Sunday, March 09, 2008


Blow your nose and clean your teeth

Ed and I have been experimenting with various strategies to improve build quality. One problem is bits of polymer sticking to the head and then dropping onto the build and messing it up. Another is the fact that if you run the acorn-nut nozzle (left above) too close to the surface it smears the molten polymer all over itself, and then re-deposits some of that later where you don't want it.

I made up the nozzle on the right. It is 1.5 mm diameter at the end, with an 0.5 mm diameter through hole. With this in place of the acorn nut, you can run the nozzle over the surface to sweep it flat without pushing the polymer where you don't want it.

It is a bit more complicated to make than the acorn-nut nozzle (which just needs you to drill one small hole in an off-the-shelf part, of course). But it works significantly better.

To clean the new nozzle, we've added a toothbrush along with a nose-wipe cycle to the host software. This keeps the crud off the nozzle by wiping it back and forth at the start of each layer.

Now. How do we clean the toothbrush?...

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Since I rebuilt my extruder with an acorn nut shaped to a point with a conical outlet hole I get much worse performance than my old one piece nozzle. I was thinking of doing pretty much what you have done.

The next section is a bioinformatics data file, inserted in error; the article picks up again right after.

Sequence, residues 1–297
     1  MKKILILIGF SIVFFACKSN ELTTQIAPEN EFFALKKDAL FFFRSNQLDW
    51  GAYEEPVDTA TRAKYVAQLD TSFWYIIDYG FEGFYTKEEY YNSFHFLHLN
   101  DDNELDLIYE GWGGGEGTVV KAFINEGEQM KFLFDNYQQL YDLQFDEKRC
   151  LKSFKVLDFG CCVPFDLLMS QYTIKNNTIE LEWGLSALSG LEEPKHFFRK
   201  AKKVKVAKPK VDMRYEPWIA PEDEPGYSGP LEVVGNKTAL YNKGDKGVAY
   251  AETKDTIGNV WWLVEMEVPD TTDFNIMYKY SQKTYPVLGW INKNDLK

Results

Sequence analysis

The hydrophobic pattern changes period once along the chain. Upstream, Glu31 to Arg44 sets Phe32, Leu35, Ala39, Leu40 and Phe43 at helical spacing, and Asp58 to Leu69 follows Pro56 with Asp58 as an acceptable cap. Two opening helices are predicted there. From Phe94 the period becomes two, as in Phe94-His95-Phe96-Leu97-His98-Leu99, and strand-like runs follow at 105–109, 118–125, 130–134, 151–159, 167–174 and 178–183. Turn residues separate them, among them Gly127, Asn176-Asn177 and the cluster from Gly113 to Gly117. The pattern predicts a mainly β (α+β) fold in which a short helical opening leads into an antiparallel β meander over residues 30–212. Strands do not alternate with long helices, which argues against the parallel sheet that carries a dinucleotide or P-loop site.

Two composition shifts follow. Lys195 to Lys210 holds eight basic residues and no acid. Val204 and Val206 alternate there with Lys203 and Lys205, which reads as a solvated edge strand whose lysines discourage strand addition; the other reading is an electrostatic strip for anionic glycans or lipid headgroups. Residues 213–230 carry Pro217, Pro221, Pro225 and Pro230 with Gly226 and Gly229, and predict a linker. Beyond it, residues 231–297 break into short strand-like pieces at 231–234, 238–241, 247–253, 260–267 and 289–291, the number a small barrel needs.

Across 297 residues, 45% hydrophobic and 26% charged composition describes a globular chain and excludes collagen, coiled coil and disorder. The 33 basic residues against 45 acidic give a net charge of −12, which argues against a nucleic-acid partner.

I think the end of the nozzle should be about three times the filament width.

The hole should not be too shallow either. Making it shallower reduces the extrusion pressure and the die swell but also makes the extruder more incontinent. With a conical hole such that the edge is only about 0.1mm thick the extruder overrun is about 40mm!

Presumably your hole is as long as the nose, or is it opened out behind? Have you noticed a change in the overrun?
Regarding cleaning the brush, I find any bits that get stuck get knocked off on subsequent wipes so you probably just need a little pot underneath to catch the dross.
Wacky idea: What about the tip from a mechanical pencil? They're roughly the same shape and usually have a 0.5mm diameter. Might be a bit too delicate, though.
To clean the toothbrush, just forget about it. All you have to do is print a new one and recycle the old. viola!

Presumably you'd want a clean brush at the start of each printing job, right?

Also, making a toothbrush takes some work with staples and a polishing wheel, in addition to the plastic molding. It might be worthwhile to learn how to reuse one.

I see and support your point completely. I was just trying to stay in the whole mindset of the project. It is definitely a much better thing to figure out how to clean a brush instead of just throwing the old one away
Might help to spray an incompatible oil (maybe silicon or teflon?) onto the toothbrush. Something to keep the polymer from sticking then when it cools successive passes would flake it off.
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